Last week four of us from the 7 Graces community attended the OxfordJam, a 3-day fringe event (running parallel to the Skoll World Forum on Social Entrepreneurship in Oxford, England) highlighting social economy and social finance projects from around the world.
I was sorry to have missed Day 1 of the Jam, but we did make it to the event Thursday and Friday. On both days, our crew had a modest ‘market stall’ with some literature about the 7 Graces Project, an ethical marketing self-assessment quiz and a stack of books for sale. On Friday, I delivered a 1-hour workshop on The 7 Graces of Marketing.
I’ve delivered the 7 Graces workshop dozens of times. I’ve delivered keynotes to thousands of people and spoken on hundreds of radio broadcasts and webcasts. But in spite of how many times I’ve spoken about the 7 Graces, sharing these ideas with perhaps only a few dozen people over those two days in Oxford felt…well… different.
The OxfordJam had a distinctly different energy to any other festival or media event at which I’ve spoken. After a weekend of self-reflection, I’ve come to the conclusion that this difference was due to the collective energy of social entrepreneurs. I was so excited by this realisation I wanted to share my thoughts about it with you.
The Unique Collective Energy of Social Entrepreneurs
Nearly all the events at which I’ve presented in the past have either been to small-to-medium independent business owners (usually in the arts, media, publishing or holistic industries, etc) or to the general public interested in personal development or environmentalism. I like speaking to these audiences because they tend to be value-driven. They believe everyone has a life-purpose, and they are passionate about increasing happiness and wellbeing in the world.
Social entrepreneurs are also value-driven and are equally passionate about increasing happiness and wellbeing. But what is different about them is that they have a ‘meta-view’ of the world and their place within it:
- Social entrepreneurs see society as a system, and believe they have a role to play within that system
- They have a keen awareness of their social impact, and they take full social responsibility for their actions.
- They look at how everything works together to create a greater whole.
- They are not only interested in helping others at an individual level, but in serving the ‘all’.
- They tend to be interested not only in living a purpose-filled life, but also in creating a purposefully-designed world—one in which all human beings and living creatures live in balance and harmony with each other and the natural world.
It is this meta-view that makes the social entrepreneur different from the traditional business owner (large or small), charity or member of the general public.
I have many friends who are social entrepreneurs, and our interaction has always been something special. But when you put dozens of meta-consciousness social entrepreneurs into a single room, they become a formidable energetic force. This is what I felt at the OxfordJam.
But even beyond this energetic force, as more and more social entrepreneurs come together to co-create solutions to so many of today’s social and environmental issues, they are becoming a formidable social force, leading us into a new phase of what some call ‘The Great Turning’.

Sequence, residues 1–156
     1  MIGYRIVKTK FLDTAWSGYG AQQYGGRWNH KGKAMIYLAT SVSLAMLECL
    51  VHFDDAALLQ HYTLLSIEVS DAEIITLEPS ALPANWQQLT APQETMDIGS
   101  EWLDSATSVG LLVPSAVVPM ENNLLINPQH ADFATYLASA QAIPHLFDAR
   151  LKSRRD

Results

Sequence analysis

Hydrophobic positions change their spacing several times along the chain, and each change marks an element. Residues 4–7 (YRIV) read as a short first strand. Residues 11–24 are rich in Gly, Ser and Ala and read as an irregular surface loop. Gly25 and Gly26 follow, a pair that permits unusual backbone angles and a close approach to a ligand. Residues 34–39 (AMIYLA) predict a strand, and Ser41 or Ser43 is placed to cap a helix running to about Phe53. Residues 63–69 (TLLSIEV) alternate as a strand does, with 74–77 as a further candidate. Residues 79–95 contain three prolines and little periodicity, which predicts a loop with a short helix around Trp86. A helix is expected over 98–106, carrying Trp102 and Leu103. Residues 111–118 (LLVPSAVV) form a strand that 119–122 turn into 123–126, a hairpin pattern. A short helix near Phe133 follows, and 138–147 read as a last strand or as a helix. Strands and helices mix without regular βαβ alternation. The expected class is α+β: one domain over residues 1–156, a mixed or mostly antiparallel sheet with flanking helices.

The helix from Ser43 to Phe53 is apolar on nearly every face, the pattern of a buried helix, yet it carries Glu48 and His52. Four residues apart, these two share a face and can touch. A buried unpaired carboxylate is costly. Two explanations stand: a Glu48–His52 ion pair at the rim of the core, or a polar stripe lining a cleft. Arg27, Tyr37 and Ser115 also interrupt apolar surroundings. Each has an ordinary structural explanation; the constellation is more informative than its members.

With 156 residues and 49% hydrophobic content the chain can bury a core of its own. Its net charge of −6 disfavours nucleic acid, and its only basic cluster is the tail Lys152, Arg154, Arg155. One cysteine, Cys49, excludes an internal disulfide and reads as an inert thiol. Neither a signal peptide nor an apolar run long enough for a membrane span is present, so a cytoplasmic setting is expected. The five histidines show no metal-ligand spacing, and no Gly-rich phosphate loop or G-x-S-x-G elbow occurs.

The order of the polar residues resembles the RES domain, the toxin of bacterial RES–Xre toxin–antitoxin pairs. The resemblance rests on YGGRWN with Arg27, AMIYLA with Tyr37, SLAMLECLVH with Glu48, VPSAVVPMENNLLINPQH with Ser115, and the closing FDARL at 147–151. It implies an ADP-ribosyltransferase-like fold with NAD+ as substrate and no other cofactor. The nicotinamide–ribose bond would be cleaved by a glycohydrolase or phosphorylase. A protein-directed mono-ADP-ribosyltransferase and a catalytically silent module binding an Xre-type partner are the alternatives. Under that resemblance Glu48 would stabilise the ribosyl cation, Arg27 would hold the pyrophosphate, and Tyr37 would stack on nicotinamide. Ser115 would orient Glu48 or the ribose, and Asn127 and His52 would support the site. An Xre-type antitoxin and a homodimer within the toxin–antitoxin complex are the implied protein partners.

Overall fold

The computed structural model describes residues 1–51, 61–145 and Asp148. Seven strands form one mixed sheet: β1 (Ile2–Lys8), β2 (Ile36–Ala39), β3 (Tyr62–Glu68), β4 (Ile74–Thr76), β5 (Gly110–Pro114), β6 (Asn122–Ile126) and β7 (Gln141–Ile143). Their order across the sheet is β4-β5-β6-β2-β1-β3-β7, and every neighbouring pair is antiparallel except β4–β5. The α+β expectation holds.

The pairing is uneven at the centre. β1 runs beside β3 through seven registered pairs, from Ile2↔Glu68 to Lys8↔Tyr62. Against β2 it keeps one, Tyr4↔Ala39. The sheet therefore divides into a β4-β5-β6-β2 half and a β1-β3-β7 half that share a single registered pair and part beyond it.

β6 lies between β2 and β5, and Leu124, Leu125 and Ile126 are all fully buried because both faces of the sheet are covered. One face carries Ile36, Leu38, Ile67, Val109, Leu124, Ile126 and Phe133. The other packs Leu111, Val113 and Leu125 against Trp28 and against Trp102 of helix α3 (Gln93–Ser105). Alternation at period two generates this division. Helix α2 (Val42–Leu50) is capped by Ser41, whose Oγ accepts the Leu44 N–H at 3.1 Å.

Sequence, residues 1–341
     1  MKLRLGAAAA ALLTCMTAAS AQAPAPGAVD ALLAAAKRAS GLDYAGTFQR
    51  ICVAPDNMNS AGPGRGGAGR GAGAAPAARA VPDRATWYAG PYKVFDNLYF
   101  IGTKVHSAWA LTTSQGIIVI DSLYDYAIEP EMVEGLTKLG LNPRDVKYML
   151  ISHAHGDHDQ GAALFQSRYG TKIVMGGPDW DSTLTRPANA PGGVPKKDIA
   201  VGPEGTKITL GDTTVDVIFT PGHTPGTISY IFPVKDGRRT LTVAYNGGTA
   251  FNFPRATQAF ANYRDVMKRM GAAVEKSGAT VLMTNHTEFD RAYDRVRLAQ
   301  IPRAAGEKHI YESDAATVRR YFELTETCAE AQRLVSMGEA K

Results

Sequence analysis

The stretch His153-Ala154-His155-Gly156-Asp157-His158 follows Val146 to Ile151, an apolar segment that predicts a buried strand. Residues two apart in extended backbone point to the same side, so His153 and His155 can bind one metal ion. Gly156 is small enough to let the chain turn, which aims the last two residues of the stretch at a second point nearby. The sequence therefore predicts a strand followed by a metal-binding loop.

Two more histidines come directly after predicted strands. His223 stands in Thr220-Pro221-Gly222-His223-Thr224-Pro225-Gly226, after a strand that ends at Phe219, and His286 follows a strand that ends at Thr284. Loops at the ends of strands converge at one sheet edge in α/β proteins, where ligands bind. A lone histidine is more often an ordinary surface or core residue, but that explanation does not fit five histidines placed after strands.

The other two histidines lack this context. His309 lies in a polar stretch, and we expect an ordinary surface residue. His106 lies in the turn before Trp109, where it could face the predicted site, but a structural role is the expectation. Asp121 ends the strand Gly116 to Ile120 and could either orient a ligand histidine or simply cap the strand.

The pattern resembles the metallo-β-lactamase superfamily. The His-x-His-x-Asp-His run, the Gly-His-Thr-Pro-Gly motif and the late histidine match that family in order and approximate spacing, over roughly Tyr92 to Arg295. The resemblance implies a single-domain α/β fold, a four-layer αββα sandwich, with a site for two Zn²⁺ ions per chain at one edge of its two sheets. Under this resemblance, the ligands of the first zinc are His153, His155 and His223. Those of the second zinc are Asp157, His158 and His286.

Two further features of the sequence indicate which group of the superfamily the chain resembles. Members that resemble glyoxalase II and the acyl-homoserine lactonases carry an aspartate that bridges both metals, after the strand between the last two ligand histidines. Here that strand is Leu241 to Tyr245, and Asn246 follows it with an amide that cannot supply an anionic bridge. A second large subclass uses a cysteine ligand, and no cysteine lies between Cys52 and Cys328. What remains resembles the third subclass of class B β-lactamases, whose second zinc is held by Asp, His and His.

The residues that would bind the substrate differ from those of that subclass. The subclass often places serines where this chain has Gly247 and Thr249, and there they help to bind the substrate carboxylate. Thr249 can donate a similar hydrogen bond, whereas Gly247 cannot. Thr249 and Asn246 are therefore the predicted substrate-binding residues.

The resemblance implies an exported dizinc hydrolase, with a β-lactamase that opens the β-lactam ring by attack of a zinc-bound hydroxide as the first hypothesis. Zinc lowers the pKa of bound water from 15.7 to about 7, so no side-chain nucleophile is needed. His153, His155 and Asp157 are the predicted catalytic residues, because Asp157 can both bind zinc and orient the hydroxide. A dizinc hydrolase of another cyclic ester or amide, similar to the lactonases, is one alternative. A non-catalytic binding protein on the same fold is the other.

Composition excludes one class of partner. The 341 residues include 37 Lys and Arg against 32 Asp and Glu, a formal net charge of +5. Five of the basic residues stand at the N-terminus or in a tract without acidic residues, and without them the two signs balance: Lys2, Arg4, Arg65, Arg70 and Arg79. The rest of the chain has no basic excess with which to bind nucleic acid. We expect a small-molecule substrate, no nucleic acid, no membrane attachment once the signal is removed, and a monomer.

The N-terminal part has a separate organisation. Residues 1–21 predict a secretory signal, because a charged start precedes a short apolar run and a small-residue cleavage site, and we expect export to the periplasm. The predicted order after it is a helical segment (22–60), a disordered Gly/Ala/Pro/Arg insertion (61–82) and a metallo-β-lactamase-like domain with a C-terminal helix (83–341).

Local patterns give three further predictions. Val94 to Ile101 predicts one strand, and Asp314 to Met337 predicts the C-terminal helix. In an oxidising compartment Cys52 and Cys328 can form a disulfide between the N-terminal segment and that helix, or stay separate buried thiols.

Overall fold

The Three Dimensions of the Great Turning
The term ‘The Great Turning’ was first coined by eco-philosopher and author Joanna Macy, and later expanded upon by other authors such as David Korten. I was first introduced to it (and to Joanna Macy’s work) in 2008 when I trained with the Transition Network. I love the term, as I believe it brings with it a vision of hope and human possibility at a time that might otherwise be seen as a very dark era.
Joanna Macy defines the Great Turning as ‘the shift from the Industrial Growth Society to a life-sustaining civilization’. She says the Great Turning occurs in three phases:
- Actions to slow the damage to Earth and its beings
- Analysis of structural causes and the creation of structural alternatives
- Shift in Consciousness
Phase 1, or ‘actions to slow the damage to Earth and its beings’, defines an age of activism. We have seen much of this especially over the past half century, even if many of the world’s political and financial leaders have ignored or minimised the message. Social and environmental activism is a sign of this initial phase.
As I see it, we have just recently entered the second phase of the Great Turning. Although there is still much work to be done at Phase 1, over the past few years more and more people have begun to analyse the structural causes of our problems, and suggest alternatives to the ‘old paradigm’.
The 7 Graces Project CIC is an example of one such second phase innovation. We might categorise our work as ‘teach-ins and study groups on the Industrial Growth Society’ of which Joanna Macy speaks when she discusses this phase. We are analysing the ethical issues within the communication medium of marketing and are proposing a new alternative paradigm.
Similarly, at OxfordJam, I met people from many other social enterprises, each actively creating new solutions for specific social issues. I saw innovations in business, finance, energy, the arts and education. One woman I met had started an enterprise that made light-as-a-feather portable writing ‘desks’ to facilitate education for children and adults in poverty stricken areas of Sundarban in Bangladesh. Such a simple idea. Why hadn’t anyone ever thought of it before?
Each innovation we create through our social enterprises comprises just one tiny ‘facet’ in the lustrous diamond of humanity. It might be difficult to see the impact of the 7 Graces Project or any of these other projects when viewed on their own. But when we look at them within the context of the collective movement towards social entrepreneurship around the world, we can see that we are all pieces in the greater jigsaw puzzle of the new paradigm emerging within the Great Turning.